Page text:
The WSJ sparked The Prince’s interest with its story yesterday about sky high analyst projections for oil. The story reminded him of an arbitrage opportunity some of The Prince’s friends had brought to his attention. The trade was originally brought to his friends' attention by Gary Lucido at InvestingMinds a few months ago. Gary wrote about the arbitrage trade on seeking alpha and expanded on this trade with this post on his blog. He also expanded further with this post on how to hedge oil in the trade. Naked Shorts also commented on the ETFs contained in this trade. Since these bloggers covered this trade it has become even more attractive.
Here are the details of the trade. There are many oil ETFs that try to track the price of oil. Macroshares created two such securities, (UCR) & (DCR), which trade back and forth without using futures. Gary makes this clear when he writes that, "they [UCR and DCR] simply pass the price changes back and forth between the two funds so they don’t have to deal with contango and backwardation. But they do have to deal with a different problem - trading at a premium or a discount." The long oil security, UCR, tracks a barrel of light sweet crude on the NYSE. The “Net Asset Value” per share of UCR is the price of oil divided by three. DCR, on the other hand, is inherently short oil since it is structured so that DCR = $40 – UCR. The NAV right now of the DCR is $4.97, and the stock is trading at $10.25, which is a 106% premium. This means that investors are anticipating that the price of oil is going down.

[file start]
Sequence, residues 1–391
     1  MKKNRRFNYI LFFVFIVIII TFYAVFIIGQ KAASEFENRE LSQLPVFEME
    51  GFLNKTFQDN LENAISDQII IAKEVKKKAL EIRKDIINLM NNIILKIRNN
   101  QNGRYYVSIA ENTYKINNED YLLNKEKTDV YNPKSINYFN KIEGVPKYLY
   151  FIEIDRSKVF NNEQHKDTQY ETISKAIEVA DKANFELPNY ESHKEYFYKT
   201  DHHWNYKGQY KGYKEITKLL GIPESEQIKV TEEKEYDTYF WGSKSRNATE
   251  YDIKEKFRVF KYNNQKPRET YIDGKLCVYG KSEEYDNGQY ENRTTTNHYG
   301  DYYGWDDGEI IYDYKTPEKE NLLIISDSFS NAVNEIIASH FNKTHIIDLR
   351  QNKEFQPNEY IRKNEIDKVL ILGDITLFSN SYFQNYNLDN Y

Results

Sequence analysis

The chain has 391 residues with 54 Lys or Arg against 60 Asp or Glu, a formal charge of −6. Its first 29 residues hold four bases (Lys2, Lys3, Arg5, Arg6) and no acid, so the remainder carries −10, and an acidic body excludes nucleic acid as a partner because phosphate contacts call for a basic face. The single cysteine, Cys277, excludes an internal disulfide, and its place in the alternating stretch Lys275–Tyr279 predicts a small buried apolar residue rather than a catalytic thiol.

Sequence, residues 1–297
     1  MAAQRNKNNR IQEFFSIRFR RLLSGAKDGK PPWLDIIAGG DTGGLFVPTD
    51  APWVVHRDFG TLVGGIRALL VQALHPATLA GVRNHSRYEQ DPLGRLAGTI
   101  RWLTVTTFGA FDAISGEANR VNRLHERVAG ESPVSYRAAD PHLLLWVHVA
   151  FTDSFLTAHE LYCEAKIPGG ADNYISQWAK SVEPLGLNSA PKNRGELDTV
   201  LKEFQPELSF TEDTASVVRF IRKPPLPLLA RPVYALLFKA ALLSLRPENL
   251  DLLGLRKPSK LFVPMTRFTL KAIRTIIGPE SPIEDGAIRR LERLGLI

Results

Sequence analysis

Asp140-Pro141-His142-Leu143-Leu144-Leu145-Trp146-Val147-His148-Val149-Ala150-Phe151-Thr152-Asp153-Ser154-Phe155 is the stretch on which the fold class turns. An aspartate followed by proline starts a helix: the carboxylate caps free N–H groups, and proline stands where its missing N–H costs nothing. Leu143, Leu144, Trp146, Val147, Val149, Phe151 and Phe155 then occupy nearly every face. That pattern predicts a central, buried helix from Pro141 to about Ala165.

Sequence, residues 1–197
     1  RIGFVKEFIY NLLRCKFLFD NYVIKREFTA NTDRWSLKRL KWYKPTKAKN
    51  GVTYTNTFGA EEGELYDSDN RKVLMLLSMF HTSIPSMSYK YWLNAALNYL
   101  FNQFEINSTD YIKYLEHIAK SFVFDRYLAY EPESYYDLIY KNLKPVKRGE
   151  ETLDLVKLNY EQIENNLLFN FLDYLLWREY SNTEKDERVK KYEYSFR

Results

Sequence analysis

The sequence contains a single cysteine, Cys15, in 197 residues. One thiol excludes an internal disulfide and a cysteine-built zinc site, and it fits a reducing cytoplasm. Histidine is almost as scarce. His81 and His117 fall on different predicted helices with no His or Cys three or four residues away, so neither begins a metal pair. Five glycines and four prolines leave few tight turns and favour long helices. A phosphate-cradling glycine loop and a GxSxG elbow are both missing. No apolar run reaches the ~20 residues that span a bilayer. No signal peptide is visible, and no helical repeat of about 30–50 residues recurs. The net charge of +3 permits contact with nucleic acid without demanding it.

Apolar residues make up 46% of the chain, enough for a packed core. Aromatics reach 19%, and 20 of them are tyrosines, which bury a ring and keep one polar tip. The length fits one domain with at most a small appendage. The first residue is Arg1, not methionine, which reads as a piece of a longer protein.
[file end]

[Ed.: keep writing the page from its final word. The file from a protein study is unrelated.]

We have to question why this security’s price is so far off the net asset value of its assets. ETFs trade off of their NAVs all the time, but not to this extent normally. These two linked ETFs, according to their prospectuses, only pay out net present asset value if oil closes above $111 on the NYSE for three consecutive days. If this happens, the security terminates, and Macroshares pays out the NAV at the close of the third day (approximately [$120 – (barrel of oil)/3]). This eventual termination triggering a payout is the only mechanism that keeps the NAV close to the price of the ETF’s shares. We are very close to that trigger currently (with light sweet crude closing at $105.50 on Friday).